Posted by: Steven Harris | December 9, 2008

23 Ways

NYT iPhoneWe’ve been talking in my library recently about the treatment of our ejournals and whether they need to be fully cataloged and described in the OPAC, since we have an ERM that presents a searchable list of electronic subscriptions. Isn’t it a lot of work to maintain those records in the catalog as well? Our head of cataloging effectively counters that by saying it’s a lot of working doing it either way (along with a lot of other cogent arguments). She and I agree that we should offer as many access points as we possibly can.

All that got me thinking about the New York Times. Again! You’ve seen me wax eloquent (or obsessively anyway) about the NY Times as an organization that really adopts new technology and makes it work for their core mission. They know they can reach more people by adopting more platforms and channels, and to reach more people is to be more important and more successful. When I was reading the NYT on my iPhone the other day, it really struck me how many ways I receive or interact with NYT. I started ticking them off in my mind: iPhone, email, web. And that made me think of other ways that NYT is available, even though I don’t use them myself. Therefore, in the manner of other 23 things lists, I present 23 Ways to Enjoy the New York Times:

  1. Print (preferably with coffee and croissants)

  2. Website

  3. Mobile website (for phones and PDAs)

  4. Archive (NYT and third party)

  5. Online aggregators

  6. Electronic (download)

  7. NYT Reader (software platform)

  8. Email

  9. RSS

  10. Blogs

  11. Alerts

  12. Podcasts

  13. SMS texting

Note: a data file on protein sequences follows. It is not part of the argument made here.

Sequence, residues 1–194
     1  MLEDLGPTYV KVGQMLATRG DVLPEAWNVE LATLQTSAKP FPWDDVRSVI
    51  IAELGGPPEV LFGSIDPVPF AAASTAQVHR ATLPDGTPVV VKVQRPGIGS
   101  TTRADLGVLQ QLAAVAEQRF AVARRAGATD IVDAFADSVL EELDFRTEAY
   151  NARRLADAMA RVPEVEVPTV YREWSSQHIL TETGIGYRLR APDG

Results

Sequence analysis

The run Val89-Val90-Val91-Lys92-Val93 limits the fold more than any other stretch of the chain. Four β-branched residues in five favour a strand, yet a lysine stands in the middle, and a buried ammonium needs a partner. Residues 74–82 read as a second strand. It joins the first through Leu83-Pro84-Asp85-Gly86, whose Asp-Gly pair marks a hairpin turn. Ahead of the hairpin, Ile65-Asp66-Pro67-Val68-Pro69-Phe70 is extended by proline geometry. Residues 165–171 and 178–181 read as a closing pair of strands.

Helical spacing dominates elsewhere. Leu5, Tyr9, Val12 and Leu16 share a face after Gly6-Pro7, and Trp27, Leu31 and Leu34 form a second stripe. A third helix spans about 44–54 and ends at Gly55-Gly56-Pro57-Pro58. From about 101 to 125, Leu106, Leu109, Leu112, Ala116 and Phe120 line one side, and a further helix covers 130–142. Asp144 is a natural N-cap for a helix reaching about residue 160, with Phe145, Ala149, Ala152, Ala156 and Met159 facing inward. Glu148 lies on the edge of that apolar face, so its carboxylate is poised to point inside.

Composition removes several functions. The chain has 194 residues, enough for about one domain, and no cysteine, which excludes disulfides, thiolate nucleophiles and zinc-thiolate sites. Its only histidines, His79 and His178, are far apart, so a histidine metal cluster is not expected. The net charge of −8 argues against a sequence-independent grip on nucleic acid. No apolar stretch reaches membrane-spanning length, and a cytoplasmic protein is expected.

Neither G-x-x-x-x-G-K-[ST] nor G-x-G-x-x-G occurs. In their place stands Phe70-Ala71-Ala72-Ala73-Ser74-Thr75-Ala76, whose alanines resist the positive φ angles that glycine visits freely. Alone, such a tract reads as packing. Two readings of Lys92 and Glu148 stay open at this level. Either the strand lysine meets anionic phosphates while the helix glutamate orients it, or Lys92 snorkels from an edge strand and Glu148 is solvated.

14. Avantgo

  15. Chumby

  16. Opera Mini

  17. Twitter

  18. Vindigo

  19. iPhone app

  20. Kindle

  21. Facebook

  22. LinkedIn

  23. YouTube

Some of those are delivery methods and some are particular products, but what this says to me is that they, obviously, have stored their data (news writing) in ways that are platform independent. All that data and metadata can be accessed and repackaged by different mechanisms, standards, software, and platforms. They don’t have 23 different storage sites for each different access method.

We don’t seem to have quite the same control of our data (oddlly) in the library world. If we store our journal metadata in an ERM, for example, we can’t easily expose it to other tools that might repackage or present that information in other ways. The ERM vendor wants to be in control of those transactions. They charge us, in fact, if we want to take our metadata and put it somewhere else. Same with our ILS and OPAC vendors (even if they are Z39.50 compliant).

Imagine a library subscription list that can be accessed on a PDA or cellphone…effectively! A list that could be customized by the user: these are the particular journals I am interested in, or just show me the journals in these subject areas. Let me store those call numbers or ejournal links wherever I want to store them. Let’s integrate or mash up this data with publishers’ RSS feeds, so patrons know when new issues have been published. Sadly, I think we’re quite a ways from exposing our own subscription data in this way. Perhaps someday.

By the way, a couple of places to find out about NYT services (and, no, I don’t get a commission from them):



  1. Oddly enough, I’m trying to address this issue now. Are you talking just your electronic journal subscriptions or journals held in aggregated databases as well? Our ERM is not up and running (though I’m trying), but once I do it, there is a way for me (with some work on my part for the uplaod) to put what would amount to brief, brief records in the OPAC.

    We’ve had concerns about having two places to look for journals – the e-jounrnal list (generated by our serials management product) and the OPAC. Our most immediate solution is to put our print journal holdings in the e-journal list and rename it. I’ve done this is the past and it’s useful.

    Ideally, I’d like to see us get MARC records for our e-journals (not just our subscriptions but for journals held in aggregated databases) for the OPAC. I’ve also done this in the past and it’s great. Yes, it costs, but in the long run it’s cheaper than hiring another cataloger and the monthly updates take less than 30 minutes (at least the system I used in the past did).

  2. […] iPhone Image by srharris Read more in my blog: Filed Under: Images Tagged With: notch, […]

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